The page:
Jon Elster is a Norwegian political scientist who works at the Institute for Social Research in Oslo and teaches at the University of Chicago. He has written a number of lively and contentious books, chiefly in the philosophy of the social sciences, and this most recent book, still lively and contentious but also very long, follows directly from his previous work. Except in a limited and special sense, it doesn’t follow from previous Marxicology. Making Sense of Marx is meant to represent a new style in Marxist studies—as if to say of earlier scholars that whatever they have made of Marx, they have not made sense of him (and many of them have not made sense at all). Elster’s aim is to make Marx make sense, and his notion of what is sensible is, as we shall see, both straightforward and narrow. Hitherto academic Marxists have tried to shape the social sciences to fit a Marxist model; Elster tries instead to shape Marxism to the model of modern social science.
Not Marxism, really; the focus here is on Marx’s own work, not on the political and intellectual tradition of which it is the source. Bernstein, Luxemburg, and Trotsky figure only incidentally in the book; Kautsky, Lenin, Gramsci not at all. Indeed, Elster’s references tell an interesting story. The leading Marxist writers of the preceding generation, Louis Althusser and Nicos Poulantzas, do not appear in either the index or the bibliography—a sign that if one wants to write for the ages it might be better not to write about Marx. After Marx himself, the authors most frequently cited in this book are the English philosopher Gerald Cohen (Karl Marx’s Theory of History: A Defense, 1978), John Roemer (Analytical Foundations of Marxian Economic Theory, 1981, and A General Theory of Exploitation and Class, 1982), and Jon Elster. These three are coeditors of the Cambridge series in which Making Sense of Marx appears; the series is devoted to freeing Marxist thought “from the increasingly discredited methods and presuppositions which are still widely regarded as essential to it [so] that what is true and important in Marxism will be more firmly established.” The project seems to entail freeing Marxist thought from most Marxists.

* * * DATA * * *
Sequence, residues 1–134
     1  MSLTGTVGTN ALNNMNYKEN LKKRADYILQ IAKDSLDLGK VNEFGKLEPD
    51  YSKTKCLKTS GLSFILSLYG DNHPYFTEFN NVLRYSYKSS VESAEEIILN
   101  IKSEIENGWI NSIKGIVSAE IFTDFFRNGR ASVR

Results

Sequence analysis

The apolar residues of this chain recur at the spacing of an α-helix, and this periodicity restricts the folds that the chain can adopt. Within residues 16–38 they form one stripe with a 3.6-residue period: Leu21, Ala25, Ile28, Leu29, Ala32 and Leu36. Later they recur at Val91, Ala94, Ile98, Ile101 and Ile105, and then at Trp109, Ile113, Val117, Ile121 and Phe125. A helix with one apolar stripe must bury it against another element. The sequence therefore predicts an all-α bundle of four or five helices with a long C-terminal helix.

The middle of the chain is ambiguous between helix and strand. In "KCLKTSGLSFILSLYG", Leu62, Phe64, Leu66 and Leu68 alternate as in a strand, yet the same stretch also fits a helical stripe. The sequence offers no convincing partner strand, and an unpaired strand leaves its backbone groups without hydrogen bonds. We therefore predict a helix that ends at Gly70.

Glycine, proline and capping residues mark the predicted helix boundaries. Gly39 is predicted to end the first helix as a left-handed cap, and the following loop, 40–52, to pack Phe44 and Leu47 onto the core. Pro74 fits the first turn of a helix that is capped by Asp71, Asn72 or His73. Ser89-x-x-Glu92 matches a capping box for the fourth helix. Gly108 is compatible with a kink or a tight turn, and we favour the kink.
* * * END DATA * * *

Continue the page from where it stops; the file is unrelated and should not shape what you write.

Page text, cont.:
It may also entail freeing Marxist thought from most of what Marx wrote, for on Elster’s reading, which is always learned, conscientious, and sensible, many of Marx’s arguments turn out to be important but not true—or true but not important. The trouble lies in Marx’s “cavalier attitude to the canons of explanation.” Elster, by contrast, is a methodological Puritan, or, perhaps better, Roundhead. (“A Roundhead is a man whose brain’s compact/Whose verilies and trulies are an Act Infallible.”) His first chapter sets forth the critical canons he approves of, which are essentially two-fold: methodological individualism and rational choice. The first requires that we explain social change (and resistance to change) by reference to the beliefs, motives, and actions of individuals; the second requires that we conceive these individuals as “rational.” That is, in the light of what they believe, they are engaged in some form of behavior aimed at “maximizing” one value or another—probably, but not necessarily, their private interests.
Elster intends these two canons to rule out functionalist and teleological explanations. He attacks, for example, the claim, defended with great rigor in Cohen’s book, that what Marx calls the “relations of production” (the way productive forces like labor, raw materials, or technology are organized into an economic system such as feudalism or capitalism) are to be explained by their capacity to develop the forces of production themselves. According to Cohen’s Marx, who is a technological determinist, the forces are always primary, and economic organizations, political systems, even ideologies, take hold and prosper only insofar as they enhance the use and/or development of a given set of productive forces.